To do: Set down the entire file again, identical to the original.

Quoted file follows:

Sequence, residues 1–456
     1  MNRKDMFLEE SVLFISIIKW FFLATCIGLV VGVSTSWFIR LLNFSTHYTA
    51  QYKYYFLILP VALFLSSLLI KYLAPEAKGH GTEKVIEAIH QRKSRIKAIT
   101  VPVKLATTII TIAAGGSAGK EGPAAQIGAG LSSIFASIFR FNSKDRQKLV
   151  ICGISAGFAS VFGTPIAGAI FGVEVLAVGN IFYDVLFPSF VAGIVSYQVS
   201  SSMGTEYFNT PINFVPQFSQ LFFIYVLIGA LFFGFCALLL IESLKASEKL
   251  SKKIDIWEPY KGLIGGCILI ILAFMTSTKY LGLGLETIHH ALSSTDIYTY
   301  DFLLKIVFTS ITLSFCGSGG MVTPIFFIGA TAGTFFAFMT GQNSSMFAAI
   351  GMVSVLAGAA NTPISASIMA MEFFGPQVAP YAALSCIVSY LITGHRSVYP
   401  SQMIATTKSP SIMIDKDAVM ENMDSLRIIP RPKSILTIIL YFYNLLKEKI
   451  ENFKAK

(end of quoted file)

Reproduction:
Sequence, residues 1–456
     1  MNRKDMFLEE SVLFISIIKW FFLATCIGLV VGVSTSWFIR LLNFSTHYTA
    51  QYKYYFLILP VALFLSSLLI KYLAPEAKGH GTEKVIEAIH QRKSRIKAIT
   101  VPVKLATTII TIAAGGSAGK EGPAAQIGAG LSSIFASIFR FNSKDRQKLV
   151  ICGISAGFAS VFGTPIAGAI FGVEVLAVGN IFYDVLFPSF VAGIVSYQVS
   201  SSMGTEYFNT PINFVPQFSQ LFFIYVLIGA LFFGFCALLL IESLKASEKL
   251  SKKIDIWEPY KGLIGGCILI ILAFMTSTKY LGLGLETIHH ALSSTDIYTY
   301  DFLLKIVFTS ITLSFCGSGG MVTPIFFIGA TAGTFFAFMT GQNSSMFAAI
   351  GMVSVLAGAA NTPISASIMA MEFFGPQVAP YAALSCIVSY LITGHRSVYP
   401  SQMIATTKSP SIMIDKDAVM ENMDSLRIIP RPKSILTIIL YFYNLLKEKI
   451  ENFKAK